At the BZA hearing, several former MYS board members, coaches and current parents spoke against the shared use agreement with Marymount

An appeal to the Fairfax County Circuit Court could be just the beginning of litigation stemming from use of the field at Lewinsville Park.

If the Circuit Court overturns the BZA, the West Lewinsville Heights Citizens Association could appeal to the Circuit Court of Appeals and after that, to the Virginia Supreme Court.

County Attorney David Bobzien’s office will handle the appeal for the Board of Supervisors, but the BZA must hire its own attorney, Mendelsohn said. The Board of Supervisors, however, must pay the BZA’s legal bills, he said.

“We have a whole string of appeals, most of them in my district, pending against BZA decisions that we think are outside their authority,” said Mendelsohn, himself an attorney for the firm of Piper, Rudnick.

Most have not yet been resolved, Mendelsohn said.

In the meantime, he said, the BZA’s ruling will stand “until it is overturned,” Mendelsohn said.

“I don’t think the FCPA will wait” for the ruling. They could proceed with the application for a special exception to the zoning ordinance that would allow Marymount to use the field at Lewinsville Park, which would require public hearings before both the Planning Commission and the Board of Supervisors.

No public hearing was held on the question of Marymount, a private college in Arlington County, using a Fairfax County park at certain times when other citizens would be denied use.

“The other alternative is [that] we just change the ordinance,” Mendelsohn said. “That is another thing we could do. It deals with exclusivity,” he said.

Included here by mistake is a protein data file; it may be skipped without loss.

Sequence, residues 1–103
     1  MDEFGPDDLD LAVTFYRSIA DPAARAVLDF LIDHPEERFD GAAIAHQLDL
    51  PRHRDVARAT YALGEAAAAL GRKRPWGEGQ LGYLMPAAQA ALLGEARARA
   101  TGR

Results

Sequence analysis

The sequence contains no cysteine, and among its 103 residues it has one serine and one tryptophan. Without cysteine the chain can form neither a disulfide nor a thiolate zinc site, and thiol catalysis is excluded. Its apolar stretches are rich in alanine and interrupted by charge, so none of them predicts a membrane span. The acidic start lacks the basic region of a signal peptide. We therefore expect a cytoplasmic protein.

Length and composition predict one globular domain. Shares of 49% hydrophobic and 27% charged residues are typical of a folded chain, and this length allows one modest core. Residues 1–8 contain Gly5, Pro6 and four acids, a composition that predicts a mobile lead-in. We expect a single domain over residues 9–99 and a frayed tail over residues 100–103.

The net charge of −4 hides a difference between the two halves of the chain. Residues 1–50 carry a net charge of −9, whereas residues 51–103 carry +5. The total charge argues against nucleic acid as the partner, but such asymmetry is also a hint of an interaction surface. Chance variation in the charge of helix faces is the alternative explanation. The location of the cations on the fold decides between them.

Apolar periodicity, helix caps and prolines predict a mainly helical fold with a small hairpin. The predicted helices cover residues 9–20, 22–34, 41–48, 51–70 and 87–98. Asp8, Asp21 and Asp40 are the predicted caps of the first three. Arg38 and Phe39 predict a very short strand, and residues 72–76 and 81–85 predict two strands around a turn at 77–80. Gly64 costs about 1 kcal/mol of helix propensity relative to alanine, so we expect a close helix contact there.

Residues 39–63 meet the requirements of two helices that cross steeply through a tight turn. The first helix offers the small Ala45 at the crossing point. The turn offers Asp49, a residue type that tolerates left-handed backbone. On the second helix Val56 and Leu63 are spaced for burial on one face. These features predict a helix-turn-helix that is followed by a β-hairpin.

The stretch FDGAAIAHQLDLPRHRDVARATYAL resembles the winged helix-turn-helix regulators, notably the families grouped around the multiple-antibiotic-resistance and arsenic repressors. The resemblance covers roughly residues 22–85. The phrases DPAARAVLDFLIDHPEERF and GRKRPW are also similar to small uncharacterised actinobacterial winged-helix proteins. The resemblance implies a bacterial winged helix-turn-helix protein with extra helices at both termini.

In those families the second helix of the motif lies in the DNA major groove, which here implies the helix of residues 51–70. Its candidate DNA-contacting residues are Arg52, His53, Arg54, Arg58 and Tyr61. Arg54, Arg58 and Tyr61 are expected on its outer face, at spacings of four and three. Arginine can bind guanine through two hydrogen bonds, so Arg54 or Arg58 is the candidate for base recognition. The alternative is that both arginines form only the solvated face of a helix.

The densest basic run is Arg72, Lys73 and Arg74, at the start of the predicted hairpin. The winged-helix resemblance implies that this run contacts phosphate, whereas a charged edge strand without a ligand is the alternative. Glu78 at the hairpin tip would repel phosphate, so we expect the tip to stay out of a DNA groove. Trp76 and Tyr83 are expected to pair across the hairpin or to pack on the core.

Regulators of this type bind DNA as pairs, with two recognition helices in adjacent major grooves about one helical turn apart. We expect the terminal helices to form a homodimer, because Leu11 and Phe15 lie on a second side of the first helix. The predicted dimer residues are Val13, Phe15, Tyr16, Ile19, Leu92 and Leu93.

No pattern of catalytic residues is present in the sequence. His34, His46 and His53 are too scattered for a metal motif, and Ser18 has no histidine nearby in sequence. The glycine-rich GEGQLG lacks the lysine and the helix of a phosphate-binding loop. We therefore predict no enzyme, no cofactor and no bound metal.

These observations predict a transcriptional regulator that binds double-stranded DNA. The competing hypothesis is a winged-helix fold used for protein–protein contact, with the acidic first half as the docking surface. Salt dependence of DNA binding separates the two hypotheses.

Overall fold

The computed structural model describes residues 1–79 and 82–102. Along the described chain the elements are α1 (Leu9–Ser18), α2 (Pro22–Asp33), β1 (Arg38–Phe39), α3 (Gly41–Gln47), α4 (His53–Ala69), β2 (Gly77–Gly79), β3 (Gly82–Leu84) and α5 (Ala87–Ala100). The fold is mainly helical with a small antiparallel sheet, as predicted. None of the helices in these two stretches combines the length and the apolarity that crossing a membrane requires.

“Think of all the groups that use parks, all the tournaments, and all the people that use picnic areas,” Mendelsohn said.

“Think about the groups that rent picnic pavilions. Are we now going to say they can’t do it either? They are all members of the public.”

“I would argue that anyone could walk on that field [at Lewinsville Park] and use it when it is not reserved,” he said.

DURING THE SEPT. 16 BZA hearing, McLean Citizens Association parks and environment committee chairman Frank Crandall said the agreement between MYS and the FCPA violates a county policy, enforced by the Department of Community and Recreation Services, that two-thirds of the members of groups using public parks be residents of Fairfax County.

Marymount, a private college in Arlington County, had 2,200 undergraduates last year. They came from 43 states and 86 countries, according to a college recruiting brochure.

Mendelsohn said MYS “has been putting a lot of money into fields. They have been raising a lot of money, somehow,” he said.

“The same people [opposed to their use of the field] will argue that even if they pay for it, they should’ve have exclusive use of it. This is a field that is now going to be used for the public,” he said.

Jan Perriello, president of the McLean Citizens Association, said the group has passed “at least two resolutions” in support of the WLHCA’s stance.”

“The FCPA did not hold the usual public hearings on the issue of these fields, and the Board of Supervisors said they didn’t have to,” Perriello said.

“The BZA supported us and said the Board of Supervisors erred.

“We are not happy that Stu Mendelsohn, our supervisor, would sponsor the motion to have the county attorney challenge the BZA decision.

“The effect is it will delay the public hearing that the BZA ruled should have taken place.”

“However this ends, someone has to pay for it,” Perriello said. “The field is [already] there.”

“If the sublease [to Marymount] is not allowed, I don’t know whether the financial obligation [for the artificial turf] would be on Fairfax County or MYS,” she said.

“We have not been privy to the agreement between MYS and Marymount. We don’t know that the [financial] arrangements will be.”